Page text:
Hidden Figures is a harmless, old-fashioned all-ages family movie, that teaches an important historical lesson, but it’s light on its feet, entertaining and never feels like a slog. Quite the contrary: this is a very… [more]

Mad Love Meet Love is Love

A little while ago, I had the excuse to revisit the 1988 comics anthology AARGH! Artists Against Rampant Government Homophobia in light of more recent political events. In my article AARGH! RESIST! A Retrospective and… [more]

Emil Ferris on Her Career and Her Graphic Novel My Favorite Thing Is Monsters

Emil Ferris is an artist and lifelong fan of monsters. After honing her skills at the Art Institute of Chicago, she began professionally producing art, animation, and comics influenced by monsters and her city, Chicago.… [more]

Celebrate Smodcast’s 10th Birthday with the Saga of Emo Kev

Every now and then, an artist happens onto that happy accident of inspiration, industry and style and creates something absolutely perfect. I’m sure when Kevin Smith started recording his “Smodcast” podcasts ten years ago today,… [more]

Until the End of the World – A Guide to Garth Ennis’s Comics: Hard Men with Big Guns

Talking about Garth Ennis’ comics means talking about war. Whether he’s writing about telepathic contract killers or monumentally depraved superheroes, odds of encountering a story arc set during World War II or the Vietnam War… [more]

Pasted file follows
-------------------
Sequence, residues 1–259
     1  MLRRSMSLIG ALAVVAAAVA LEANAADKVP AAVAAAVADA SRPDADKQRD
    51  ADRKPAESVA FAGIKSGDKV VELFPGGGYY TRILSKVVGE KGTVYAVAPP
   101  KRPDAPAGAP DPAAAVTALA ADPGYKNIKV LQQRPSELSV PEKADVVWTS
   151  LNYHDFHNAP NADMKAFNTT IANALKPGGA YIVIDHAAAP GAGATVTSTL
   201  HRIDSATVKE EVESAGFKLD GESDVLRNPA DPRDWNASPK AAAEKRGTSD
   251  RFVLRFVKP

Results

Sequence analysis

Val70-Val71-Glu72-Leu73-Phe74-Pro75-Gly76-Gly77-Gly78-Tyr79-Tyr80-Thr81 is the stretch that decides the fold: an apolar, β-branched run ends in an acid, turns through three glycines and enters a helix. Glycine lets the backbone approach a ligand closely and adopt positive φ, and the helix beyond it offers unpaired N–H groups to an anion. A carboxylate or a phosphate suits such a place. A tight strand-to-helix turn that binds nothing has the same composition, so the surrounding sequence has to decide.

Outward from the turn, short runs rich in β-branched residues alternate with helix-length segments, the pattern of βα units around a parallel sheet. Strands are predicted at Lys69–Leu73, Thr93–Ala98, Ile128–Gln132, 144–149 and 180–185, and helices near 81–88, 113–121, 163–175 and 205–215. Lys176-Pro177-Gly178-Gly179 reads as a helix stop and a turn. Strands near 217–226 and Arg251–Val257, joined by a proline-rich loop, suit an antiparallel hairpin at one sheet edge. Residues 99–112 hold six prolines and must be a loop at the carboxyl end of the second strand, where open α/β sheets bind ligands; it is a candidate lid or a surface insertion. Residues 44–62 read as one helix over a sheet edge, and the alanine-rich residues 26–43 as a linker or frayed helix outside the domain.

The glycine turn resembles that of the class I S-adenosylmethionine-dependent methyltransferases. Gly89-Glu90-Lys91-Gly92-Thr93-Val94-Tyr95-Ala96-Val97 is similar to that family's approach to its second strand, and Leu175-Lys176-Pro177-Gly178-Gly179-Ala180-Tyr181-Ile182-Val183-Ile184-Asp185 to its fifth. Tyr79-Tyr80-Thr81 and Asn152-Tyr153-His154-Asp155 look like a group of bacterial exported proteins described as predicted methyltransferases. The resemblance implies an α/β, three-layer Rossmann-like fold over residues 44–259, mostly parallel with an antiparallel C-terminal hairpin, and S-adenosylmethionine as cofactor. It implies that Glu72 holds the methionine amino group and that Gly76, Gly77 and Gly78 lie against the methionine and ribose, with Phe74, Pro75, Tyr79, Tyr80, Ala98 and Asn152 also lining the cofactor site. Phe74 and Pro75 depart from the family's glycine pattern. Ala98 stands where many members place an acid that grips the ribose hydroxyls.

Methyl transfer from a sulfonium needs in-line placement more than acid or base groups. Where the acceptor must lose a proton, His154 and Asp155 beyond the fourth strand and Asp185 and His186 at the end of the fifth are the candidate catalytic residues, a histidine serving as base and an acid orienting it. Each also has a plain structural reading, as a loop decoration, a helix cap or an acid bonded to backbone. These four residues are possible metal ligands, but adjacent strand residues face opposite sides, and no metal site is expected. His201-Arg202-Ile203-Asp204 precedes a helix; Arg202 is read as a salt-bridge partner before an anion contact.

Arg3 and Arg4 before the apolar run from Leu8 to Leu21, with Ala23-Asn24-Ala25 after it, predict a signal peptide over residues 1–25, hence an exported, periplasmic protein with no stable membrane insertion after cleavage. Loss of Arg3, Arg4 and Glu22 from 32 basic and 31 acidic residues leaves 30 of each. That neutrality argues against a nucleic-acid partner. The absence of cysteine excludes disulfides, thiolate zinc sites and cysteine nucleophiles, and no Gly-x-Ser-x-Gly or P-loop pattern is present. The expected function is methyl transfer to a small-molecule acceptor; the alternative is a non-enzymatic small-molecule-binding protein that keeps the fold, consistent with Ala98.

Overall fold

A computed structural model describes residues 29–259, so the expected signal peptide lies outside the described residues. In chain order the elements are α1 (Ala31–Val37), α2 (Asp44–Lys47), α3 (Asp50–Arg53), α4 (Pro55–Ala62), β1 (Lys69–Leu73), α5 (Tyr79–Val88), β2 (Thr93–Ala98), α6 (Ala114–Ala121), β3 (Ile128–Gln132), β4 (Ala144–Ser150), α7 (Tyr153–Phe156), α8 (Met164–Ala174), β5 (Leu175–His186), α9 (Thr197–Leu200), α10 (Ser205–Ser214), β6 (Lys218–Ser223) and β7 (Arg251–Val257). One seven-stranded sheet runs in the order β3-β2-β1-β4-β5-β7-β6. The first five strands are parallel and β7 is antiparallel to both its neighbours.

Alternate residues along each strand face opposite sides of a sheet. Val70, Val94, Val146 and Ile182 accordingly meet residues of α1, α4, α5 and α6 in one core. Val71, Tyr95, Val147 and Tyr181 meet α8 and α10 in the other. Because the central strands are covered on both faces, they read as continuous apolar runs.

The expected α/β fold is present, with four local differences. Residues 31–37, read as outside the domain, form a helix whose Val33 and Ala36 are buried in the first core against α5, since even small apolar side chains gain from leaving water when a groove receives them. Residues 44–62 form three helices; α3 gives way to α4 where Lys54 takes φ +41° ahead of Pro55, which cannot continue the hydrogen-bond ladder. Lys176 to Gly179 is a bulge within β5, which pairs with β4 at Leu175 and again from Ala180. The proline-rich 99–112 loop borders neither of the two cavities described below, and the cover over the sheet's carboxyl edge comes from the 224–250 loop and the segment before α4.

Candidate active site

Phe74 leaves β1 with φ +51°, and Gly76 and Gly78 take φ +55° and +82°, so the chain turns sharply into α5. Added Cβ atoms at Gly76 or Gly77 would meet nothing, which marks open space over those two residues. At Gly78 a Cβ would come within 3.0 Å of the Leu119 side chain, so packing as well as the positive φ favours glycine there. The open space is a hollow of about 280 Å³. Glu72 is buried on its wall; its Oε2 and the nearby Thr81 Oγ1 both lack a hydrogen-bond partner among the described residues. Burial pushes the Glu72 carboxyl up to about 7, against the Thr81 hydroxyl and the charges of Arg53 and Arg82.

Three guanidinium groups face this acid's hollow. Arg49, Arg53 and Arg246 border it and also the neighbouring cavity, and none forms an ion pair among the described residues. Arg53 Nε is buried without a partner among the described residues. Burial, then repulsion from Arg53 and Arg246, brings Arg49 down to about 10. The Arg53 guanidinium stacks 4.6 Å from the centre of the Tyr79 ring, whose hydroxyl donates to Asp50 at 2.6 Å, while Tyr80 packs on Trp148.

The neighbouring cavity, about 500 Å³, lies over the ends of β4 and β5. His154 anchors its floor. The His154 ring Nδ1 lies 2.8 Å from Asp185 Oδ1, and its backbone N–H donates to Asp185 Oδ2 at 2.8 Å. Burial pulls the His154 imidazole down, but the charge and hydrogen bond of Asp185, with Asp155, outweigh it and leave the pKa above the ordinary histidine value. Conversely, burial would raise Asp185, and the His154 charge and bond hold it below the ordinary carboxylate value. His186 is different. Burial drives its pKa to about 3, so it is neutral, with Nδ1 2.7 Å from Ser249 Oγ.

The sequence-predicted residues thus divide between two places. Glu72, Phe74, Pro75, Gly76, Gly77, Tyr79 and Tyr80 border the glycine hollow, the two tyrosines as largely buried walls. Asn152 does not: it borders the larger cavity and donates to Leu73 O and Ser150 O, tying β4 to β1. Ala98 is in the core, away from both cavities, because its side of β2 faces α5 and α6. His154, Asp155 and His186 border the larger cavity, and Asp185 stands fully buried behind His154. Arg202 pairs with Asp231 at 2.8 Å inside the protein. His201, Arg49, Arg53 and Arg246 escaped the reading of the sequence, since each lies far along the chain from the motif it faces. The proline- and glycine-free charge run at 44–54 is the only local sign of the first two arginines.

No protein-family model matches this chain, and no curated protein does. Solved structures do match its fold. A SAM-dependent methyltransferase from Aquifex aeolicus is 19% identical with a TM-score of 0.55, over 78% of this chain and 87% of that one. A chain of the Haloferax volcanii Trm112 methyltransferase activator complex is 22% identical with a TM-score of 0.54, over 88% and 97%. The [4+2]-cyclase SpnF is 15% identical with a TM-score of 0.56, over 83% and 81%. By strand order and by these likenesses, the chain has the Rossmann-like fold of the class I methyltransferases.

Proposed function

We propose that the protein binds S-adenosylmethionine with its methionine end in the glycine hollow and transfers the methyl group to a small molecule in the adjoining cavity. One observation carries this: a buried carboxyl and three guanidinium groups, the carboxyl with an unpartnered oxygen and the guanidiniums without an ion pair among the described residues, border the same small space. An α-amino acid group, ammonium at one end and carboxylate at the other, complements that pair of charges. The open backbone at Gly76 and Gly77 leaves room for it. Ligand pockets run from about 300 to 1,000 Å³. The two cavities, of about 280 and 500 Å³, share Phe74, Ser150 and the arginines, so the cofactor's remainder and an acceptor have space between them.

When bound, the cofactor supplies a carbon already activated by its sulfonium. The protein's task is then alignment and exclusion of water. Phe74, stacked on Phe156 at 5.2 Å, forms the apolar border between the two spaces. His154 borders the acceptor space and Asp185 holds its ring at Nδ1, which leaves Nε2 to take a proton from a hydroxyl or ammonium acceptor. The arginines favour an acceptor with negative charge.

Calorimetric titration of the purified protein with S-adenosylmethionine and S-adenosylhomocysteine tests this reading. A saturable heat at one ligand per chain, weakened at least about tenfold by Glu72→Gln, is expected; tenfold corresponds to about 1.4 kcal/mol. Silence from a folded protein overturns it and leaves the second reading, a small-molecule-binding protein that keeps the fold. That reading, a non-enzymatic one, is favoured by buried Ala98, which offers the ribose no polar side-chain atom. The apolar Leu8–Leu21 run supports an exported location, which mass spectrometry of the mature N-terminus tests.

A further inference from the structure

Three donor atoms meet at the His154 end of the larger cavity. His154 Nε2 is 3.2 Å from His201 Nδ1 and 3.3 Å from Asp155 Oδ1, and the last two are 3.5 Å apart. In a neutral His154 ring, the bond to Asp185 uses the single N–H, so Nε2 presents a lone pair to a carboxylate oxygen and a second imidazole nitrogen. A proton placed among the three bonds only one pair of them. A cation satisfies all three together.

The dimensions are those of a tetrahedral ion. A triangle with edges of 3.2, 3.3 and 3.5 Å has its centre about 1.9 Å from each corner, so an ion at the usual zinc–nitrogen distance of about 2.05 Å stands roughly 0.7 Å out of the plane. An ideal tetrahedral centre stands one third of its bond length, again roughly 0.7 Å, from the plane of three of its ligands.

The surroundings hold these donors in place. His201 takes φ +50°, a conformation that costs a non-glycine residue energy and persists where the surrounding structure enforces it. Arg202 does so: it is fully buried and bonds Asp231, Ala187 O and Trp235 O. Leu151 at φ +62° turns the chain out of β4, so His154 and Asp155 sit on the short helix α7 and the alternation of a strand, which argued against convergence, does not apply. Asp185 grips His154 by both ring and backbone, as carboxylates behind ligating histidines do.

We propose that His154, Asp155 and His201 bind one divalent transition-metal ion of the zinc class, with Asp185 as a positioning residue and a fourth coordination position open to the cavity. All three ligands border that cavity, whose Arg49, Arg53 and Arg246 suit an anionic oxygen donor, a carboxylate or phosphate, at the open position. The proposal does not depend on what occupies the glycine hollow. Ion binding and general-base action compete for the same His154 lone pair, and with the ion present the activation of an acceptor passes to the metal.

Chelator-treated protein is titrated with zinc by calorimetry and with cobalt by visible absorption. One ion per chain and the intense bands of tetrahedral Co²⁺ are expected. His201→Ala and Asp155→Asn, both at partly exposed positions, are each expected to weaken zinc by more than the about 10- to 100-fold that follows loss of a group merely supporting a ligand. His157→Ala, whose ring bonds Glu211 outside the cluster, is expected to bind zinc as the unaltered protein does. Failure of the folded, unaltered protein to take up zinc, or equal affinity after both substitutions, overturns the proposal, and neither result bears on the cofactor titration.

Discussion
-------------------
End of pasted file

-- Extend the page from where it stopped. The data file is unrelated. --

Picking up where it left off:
Happy Birthday Image Comics

This week marks the 25th anniversary of the founding of one of the strongest and most creative comics publishers, Image Comics. Founded by and for comics creators, Image was established as a home for creators… [more]

Smorgasbord #58: G.I. Jem

Shawn and Tom feel cautiously optimistic about future movies and comics as they discuss the second Logan trailer, the teaser for Powerless, an animated Spider-Man, and a metric ton of comics coming in April. On… [more]

Down A Dark Path of Bibliomancy – The Necronomicon in Alan Moore and Jacen Burrows’ Providence, Part 2

In Part I of “Down A Dark Path of Bibliomancy: The Necronomicon in Alan Moore and Jacen Burrows’ Providence” we looked at how Alan Moore incorporated and reinterpreted H.P. Lovecraft’s “History of the Necronomicon” and… [more]

Down A Dark Path of Bibliomancy: The Necronomicon in Alan Moore and Jacen Burrows’ Providence, Part 1

“My own rule is that no weird story can truly produce terror unless it is devised with all the care and verisimilitude of an actual hoax.” – H.P. Lovecraft to Clark Ashton Smith (17 October… [more]

Star Trek Nemesis: The End of an Era

Star Trek Nemesis, released 15 years ago at this time of year, is the nadir of the entire franchise. The 1998 Trek instalment, Insurrection, was also very weak, but weak within the normal parameters of… [more]

Necropolitan #1: The Geography of Hell

We all think we know what hell is. (Ironically, heaven is much more difficult to define or describe, as George Carlin once pointed out.) But somehow, we all seem to “get” hell. Fire, suffering, screaming… [more]

Watching a Serial of Strange Aeons: Alan Moore and Jacen Burrows’ Providence

A lot of people, and I do mean a lot of people, are writing about Alan Moore and Jacen Burrows’ Providence and have been for quite some time. You can look at Joe Linton, Robert… [more]

The Goddamned #5: No Happy Endings

“I’m Cain, the man who invented murder. But God invented me, so ask yourself: who’s the real asshole here?” If readers expected the story of Jason Aaron and r. m. Guera’s The Goddamned to take… [more]